There are two circular routes, nos. 41(anticlockwise) and 42 (clockwise) which travel around the whole of the city from San Zaccaria to Piazzale Roma via Giudecca, Cimitero and Murano. There are also nos. 51 and 52: they travel as far as Lido with fewer stops; the 82 also leaves from Lido to Rialto and finally arrives at San Zaccaria stopping at Giudecca, Piazzale Roma, Tronchetto and Ferrovia.
I'm sure those directions are quite confusing, I will try to find a map which shows the routes, that would be much easier to follow.
Local fishmarket rules
"Lunghezze minime permesse per la vendita
del pesce delle seguenti qualita"
Without doubt the fish sold on the public markets is fresh.
But there are also official rules about the minimum lenght those fresh products should have
You’ll only need essentials
Backpacks are the best to store and transport your stuff in, believe me. I use my trekking backpack for all trips, not only hiking ones, but also for city trips. Remember that you’d have to transport your luggage from a boat stop to your hotel and you need to walk over many bridges. I saw so many travellers who had problems in dragging their suitcases (even with rolls) through the narrow calles.
Ladies: bring (hand) bags for your belongings, if you intend to visit San Marco Basilica ! Without any discussion, visitors (who have queued for hours) arriving at the entrance of San Marco Basilica, will be sent back by the guards to drop their backpacks at a specific place, and must start queuing again = see photo 3. Pack shoes where you can walk miles with and won’t feel them at any time (the shoes that is). You’ll need them, and even with good shoes your feet will be happy to have a rest in the evening. Bring some good foot cream as well, to prepare your poor feet for the next days’ marathon.
Bring appropriate clothes, and try to leave shorts and spaghetti tops at home, or in your luggage, if Venice is only part of your travel in Europe. Remember, you are in Italy and the people are very much religious; too much flesh (arms and legs) is insulting Italian church habits . Without any discussion, you will be rejected if you intend to visit a church in spaghetti tops or shorts !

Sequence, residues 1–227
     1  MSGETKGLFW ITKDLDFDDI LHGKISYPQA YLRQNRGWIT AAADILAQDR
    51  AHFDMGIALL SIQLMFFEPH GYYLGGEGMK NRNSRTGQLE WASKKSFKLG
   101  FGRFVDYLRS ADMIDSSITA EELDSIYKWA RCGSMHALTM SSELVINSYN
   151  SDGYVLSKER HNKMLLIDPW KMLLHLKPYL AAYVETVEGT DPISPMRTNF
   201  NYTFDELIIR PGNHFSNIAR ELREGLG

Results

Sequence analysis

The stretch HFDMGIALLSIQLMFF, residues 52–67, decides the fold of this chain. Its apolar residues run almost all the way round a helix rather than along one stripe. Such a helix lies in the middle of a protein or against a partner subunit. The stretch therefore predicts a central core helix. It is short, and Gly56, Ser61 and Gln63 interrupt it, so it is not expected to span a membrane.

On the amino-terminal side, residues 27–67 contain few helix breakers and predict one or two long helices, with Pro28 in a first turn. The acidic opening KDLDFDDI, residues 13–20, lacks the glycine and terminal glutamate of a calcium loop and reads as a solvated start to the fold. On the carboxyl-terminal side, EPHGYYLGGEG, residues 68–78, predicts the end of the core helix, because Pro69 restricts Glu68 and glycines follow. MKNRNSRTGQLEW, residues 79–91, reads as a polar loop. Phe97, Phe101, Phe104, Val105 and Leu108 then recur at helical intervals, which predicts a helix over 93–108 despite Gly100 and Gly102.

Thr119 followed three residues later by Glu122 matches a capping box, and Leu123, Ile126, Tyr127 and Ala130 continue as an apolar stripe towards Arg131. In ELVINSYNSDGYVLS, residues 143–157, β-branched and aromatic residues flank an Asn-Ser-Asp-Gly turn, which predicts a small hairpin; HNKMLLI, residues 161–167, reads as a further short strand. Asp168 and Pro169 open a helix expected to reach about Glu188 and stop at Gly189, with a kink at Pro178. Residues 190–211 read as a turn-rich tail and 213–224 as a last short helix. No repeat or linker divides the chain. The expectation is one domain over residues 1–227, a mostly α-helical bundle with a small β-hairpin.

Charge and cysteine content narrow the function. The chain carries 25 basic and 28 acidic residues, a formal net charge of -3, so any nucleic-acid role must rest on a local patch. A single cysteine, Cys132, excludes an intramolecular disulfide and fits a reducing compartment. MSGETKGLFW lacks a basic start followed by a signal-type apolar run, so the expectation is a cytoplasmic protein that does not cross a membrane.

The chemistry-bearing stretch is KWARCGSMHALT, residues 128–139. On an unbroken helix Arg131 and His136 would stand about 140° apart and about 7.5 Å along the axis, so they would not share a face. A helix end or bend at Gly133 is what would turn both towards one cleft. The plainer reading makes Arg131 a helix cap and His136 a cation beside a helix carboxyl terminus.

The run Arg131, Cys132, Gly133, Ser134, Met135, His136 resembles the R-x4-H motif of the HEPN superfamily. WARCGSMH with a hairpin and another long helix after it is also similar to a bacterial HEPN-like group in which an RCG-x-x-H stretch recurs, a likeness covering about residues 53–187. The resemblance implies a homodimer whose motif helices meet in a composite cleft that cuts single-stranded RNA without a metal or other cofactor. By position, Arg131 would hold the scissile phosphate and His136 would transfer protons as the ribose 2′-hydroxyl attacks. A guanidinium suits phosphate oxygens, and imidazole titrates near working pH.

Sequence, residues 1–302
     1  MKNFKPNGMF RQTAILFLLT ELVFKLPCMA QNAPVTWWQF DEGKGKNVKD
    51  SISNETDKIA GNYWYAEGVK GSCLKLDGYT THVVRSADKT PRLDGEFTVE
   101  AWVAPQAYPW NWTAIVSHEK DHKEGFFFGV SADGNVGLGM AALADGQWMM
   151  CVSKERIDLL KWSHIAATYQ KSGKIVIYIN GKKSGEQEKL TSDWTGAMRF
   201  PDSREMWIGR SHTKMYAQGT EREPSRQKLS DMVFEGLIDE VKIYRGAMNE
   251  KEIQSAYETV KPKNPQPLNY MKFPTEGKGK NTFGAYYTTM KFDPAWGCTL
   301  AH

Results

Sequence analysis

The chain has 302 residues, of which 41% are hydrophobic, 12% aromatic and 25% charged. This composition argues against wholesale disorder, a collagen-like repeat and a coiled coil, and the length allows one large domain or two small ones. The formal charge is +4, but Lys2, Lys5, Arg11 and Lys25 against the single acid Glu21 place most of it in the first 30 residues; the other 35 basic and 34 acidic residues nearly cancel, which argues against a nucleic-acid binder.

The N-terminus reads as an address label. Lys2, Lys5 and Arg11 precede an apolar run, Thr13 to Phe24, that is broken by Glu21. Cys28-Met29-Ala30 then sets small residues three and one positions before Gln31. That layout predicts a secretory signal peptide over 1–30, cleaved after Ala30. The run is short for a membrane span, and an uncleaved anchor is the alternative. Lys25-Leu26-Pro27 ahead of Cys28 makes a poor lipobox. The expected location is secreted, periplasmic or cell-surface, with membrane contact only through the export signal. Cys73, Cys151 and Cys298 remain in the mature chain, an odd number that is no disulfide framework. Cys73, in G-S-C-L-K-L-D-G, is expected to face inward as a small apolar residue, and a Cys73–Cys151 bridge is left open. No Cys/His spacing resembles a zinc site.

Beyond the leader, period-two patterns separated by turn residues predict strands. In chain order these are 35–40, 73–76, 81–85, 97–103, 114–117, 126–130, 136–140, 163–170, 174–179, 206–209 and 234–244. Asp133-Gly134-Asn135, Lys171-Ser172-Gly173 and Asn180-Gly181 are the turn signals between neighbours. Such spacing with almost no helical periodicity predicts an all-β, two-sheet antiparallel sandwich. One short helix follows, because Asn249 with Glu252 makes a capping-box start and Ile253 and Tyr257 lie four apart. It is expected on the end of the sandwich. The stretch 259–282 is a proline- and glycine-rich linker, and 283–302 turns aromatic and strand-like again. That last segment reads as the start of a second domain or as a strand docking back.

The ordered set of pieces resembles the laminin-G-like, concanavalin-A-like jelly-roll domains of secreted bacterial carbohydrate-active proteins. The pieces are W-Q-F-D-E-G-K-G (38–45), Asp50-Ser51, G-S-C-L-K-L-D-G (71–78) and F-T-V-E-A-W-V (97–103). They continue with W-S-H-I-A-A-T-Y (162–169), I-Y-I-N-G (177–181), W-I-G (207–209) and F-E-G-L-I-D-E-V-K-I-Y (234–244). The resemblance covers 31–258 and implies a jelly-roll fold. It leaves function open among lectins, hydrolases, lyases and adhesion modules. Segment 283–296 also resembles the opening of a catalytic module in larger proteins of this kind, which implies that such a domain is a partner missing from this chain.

Bring a Raincoat (instead of umbrella), as you will be better protected and won’t kill people or pricking out others’ eyes if you are with umbrella among the masses on Piazza San Marco. Plus, if there is rain and wind, your umbrella will be destroyed within seconds (and not mentioning the eyes of other visitors). There are enough supermarkets and beauty shops to stock up whatever you need to buy or forgot back home. Thanks to Chiara, I now know that a nice shop to buy beauty stuff is Bottega Verde, something like the Italian version of Body Shop. It is located in Strada Nuova, in Canaregio, north of Ponte Rialto (see photo). I didn’t use up my stuff, so I only did window shopping, but it looks like a great shop to satisfy your needs.
Venezia has a lot of pharmacies, so you can get any OTC stuff. If you need personal prescription medication, it is always better to bring these from home.
Bring sunsreen in summer and mosquito repellent as well. Oh yes…. this is maybe the most important item to fill your luggage with. Bring enough cards or a possibility to store your photos. You will end up with more photos than you ever can imagine (I took around 3000 or 5 GB in 12 days). There is no problem to buy cards in Venezia, and also no problem get your photos downloaded on a CD. I didn’t try this, as I had my notebook with me, but this is my own personal attitude. Do not forget your wide angle and tele lenses. You will need them ! Wide angle is a must when driving along Canal Grande, and tele lens to zoom in the magnificent details. Fish eye lens, however, is something that won’t work here, as it completely destroys the fine lines of this incredible buildings. If you intend to stay on Lido on one of the camping, yes, you’ll need to bring these. If you intend to come to Lido for some swimming, yes, you also need to bring beach stuff.
Bring binoculars, if you intend to do wildlfe watching in the laguna. Books… yes, you will need them, as it is very much magic to read books about Venezia, sitting on a campo and sipping wine, Spritz or a coffee. I brought some guide books and some books to read while there. As a fan o Donna Leon and her Commissario Brunetti, I brought her newest paperbacks “Blood from a stone” and “Through a glass, darkly”. The latter is about Murano’s glass industry, and I have already written about why this is an important book to bring on Murano